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http://dx.doi.org/10.1016/j.ymben.2020.12.004DOI Listing
December 2020

Analysis of genomic distributions of SARS-CoV-2 reveals a dominant strain type with strong allelic associations.

Proc Natl Acad Sci U S A 2020 12 12;117(48):30679-30686. Epub 2020 Nov 12.

Institute of Biological Chemistry, Academia Sinica, Taipei 11529, Taiwan

Severe acute respiratory syndrome coronavirus 2 (SARS-CoV-2), the causal agent of COVID 19, continues to evolve since its first emergence in December 2019. Using the complete sequences of 1,932 SARS-CoV-2 genomes, various clustering analyses consistently identified six types of the strains. Independent of the dendrogram construction, 13 signature variations in the form of single nucleotide variations (SNVs) in protein coding regions and one SNV in the 5' untranslated region (UTR) were identified and provided a direct interpretation for the six types (types I to VI). The six types of the strains and their underlying signature SNVs were validated in two subsequent analyses of 6,228 and 38,248 SARS-CoV-2 genomes which became available later. To date, type VI, characterized by the four signature SNVs C241T (5'UTR), C3037T (nsp3 F924F), C14408T (nsp12 P4715L), and A23403G (Spike D614G), with strong allelic associations, has become the dominant type. Since C241T is in the 5' UTR with uncertain significance and the characteristics can be captured by the other three strongly associated SNVs, we focus on the other three. The increasing frequency of the type VI haplotype 3037T-14408T-23403G in the majority of the submitted samples in various countries suggests a possible fitness gain conferred by the type VI signature SNVs. The fact that strains missing one or two of these signature SNVs fail to persist implies possible interactions among these SNVs. Later SNVs such as G28881A, G28882A, and G28883C have emerged with strong allelic associations, forming new subtypes. This study suggests that SNVs may become an important consideration in SARS-CoV-2 classification and surveillance.
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http://dx.doi.org/10.1073/pnas.2007840117DOI Listing
http://www.ncbi.nlm.nih.gov/pmc/articles/PMC7720151PMC
December 2020

Converting Escherichia coli to a Synthetic Methylotroph Growing Solely on Methanol.

Cell 2020 08 10;182(4):933-946.e14. Epub 2020 Aug 10.

Institute of Biological Chemistry, Academia Sinica, Taipei, Taiwan. Electronic address:

Methanol, being electron rich and derivable from methane or CO, is a potentially renewable one-carbon (C1) feedstock for microorganisms. Although the ribulose monophosphate (RuMP) cycle used by methylotrophs to assimilate methanol differs from the typical sugar metabolism by only three enzymes, turning a non-methylotrophic organism to a synthetic methylotroph that grows to a high cell density has been challenging. Here we reprogrammed E. coli using metabolic robustness criteria followed by laboratory evolution to establish a strain that can efficiently utilize methanol as the sole carbon source. This synthetic methylotroph alleviated a so far uncharacterized hurdle, DNA-protein crosslinking (DPC), by insertion sequence (IS)-mediated copy number variations (CNVs) and balanced the metabolic flux by mutations. Being capable of growing at a rate comparable with natural methylotrophs in a wide range of methanol concentrations, this synthetic methylotrophic strain illustrates genome editing and evolution for microbial tropism changes and expands the scope of biological C1 conversion.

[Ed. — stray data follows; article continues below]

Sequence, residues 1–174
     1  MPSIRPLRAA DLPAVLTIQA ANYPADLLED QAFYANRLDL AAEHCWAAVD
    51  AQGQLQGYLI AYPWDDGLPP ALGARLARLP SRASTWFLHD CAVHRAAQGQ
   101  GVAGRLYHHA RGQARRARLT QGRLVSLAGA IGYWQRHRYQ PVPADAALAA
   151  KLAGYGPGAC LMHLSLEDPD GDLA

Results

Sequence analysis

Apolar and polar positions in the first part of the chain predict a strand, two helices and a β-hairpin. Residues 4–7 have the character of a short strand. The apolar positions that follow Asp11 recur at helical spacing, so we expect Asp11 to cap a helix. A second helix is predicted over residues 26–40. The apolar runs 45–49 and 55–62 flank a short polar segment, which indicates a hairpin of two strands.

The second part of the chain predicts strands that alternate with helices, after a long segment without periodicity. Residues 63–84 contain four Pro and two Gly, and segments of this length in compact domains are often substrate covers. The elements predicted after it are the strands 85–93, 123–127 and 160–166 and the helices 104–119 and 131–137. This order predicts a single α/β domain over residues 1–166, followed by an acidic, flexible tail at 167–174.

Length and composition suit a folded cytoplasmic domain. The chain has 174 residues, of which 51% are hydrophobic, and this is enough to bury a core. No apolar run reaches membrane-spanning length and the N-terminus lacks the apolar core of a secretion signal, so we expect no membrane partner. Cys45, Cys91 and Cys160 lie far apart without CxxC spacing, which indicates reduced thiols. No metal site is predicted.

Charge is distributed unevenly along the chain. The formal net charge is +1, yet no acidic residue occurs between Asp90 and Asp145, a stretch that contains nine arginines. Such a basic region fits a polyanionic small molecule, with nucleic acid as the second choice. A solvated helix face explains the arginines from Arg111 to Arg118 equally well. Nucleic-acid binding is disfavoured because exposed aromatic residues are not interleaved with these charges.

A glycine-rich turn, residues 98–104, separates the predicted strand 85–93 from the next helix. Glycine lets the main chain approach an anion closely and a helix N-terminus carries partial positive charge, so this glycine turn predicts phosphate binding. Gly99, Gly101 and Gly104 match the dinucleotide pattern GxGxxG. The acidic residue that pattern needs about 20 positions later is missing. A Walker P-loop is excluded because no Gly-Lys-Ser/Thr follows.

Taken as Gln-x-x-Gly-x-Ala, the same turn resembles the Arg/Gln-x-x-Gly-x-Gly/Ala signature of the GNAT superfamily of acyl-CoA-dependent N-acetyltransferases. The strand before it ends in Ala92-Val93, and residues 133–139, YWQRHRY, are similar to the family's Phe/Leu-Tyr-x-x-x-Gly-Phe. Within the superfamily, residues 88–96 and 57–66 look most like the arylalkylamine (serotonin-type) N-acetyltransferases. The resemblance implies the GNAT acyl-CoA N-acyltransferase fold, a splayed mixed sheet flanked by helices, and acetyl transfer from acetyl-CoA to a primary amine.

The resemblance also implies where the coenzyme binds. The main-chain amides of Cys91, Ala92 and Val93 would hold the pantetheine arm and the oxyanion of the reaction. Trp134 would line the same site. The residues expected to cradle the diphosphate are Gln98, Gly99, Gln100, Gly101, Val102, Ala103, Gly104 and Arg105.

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http://dx.doi.org/10.1016/j.cell.2020.07.010DOI Listing
August 2020

Oxygen consumption of drift-feeding rainbow trout: the energetic tradeoff between locomotion and feeding in flow.

J Exp Biol 2020 06 26;223(Pt 12). Epub 2020 Jun 26.

The Whitney Laboratory for Marine Bioscience, Department of Biology, University of Florida, 9505 Oceanshore Blvd, St Augustine, FL 32080, USA

To forage in fast, turbulent flow environments where prey is abundant, fishes must deal with the high associated costs of locomotion. Prevailing theory suggests that many species exploit hydrodynamic refuges to minimize the cost of locomotion while foraging. Here, we challenge this theory based on direct oxygen consumption measurements of drift-feeding trout () foraging in the freestream and from behind a flow refuge at velocities up to 100 cm s We demonstrate that refuging is not energetically beneficial when foraging in fast flows because of a high attack cost and low prey capture success associated with leaving a station-holding refuge to intercept prey. By integrating optimum foraging theory with empirical data from respirometry and video tracking, we developed a mathematical model to predict when drift-feeding fishes should exploit or avoid refuges based on prey density, size and flow velocity. Our optimum foraging and refuging model provides new mechanistic insights into locomotor costs, habitat use and prey choice of fish foraging in current-swept habitats.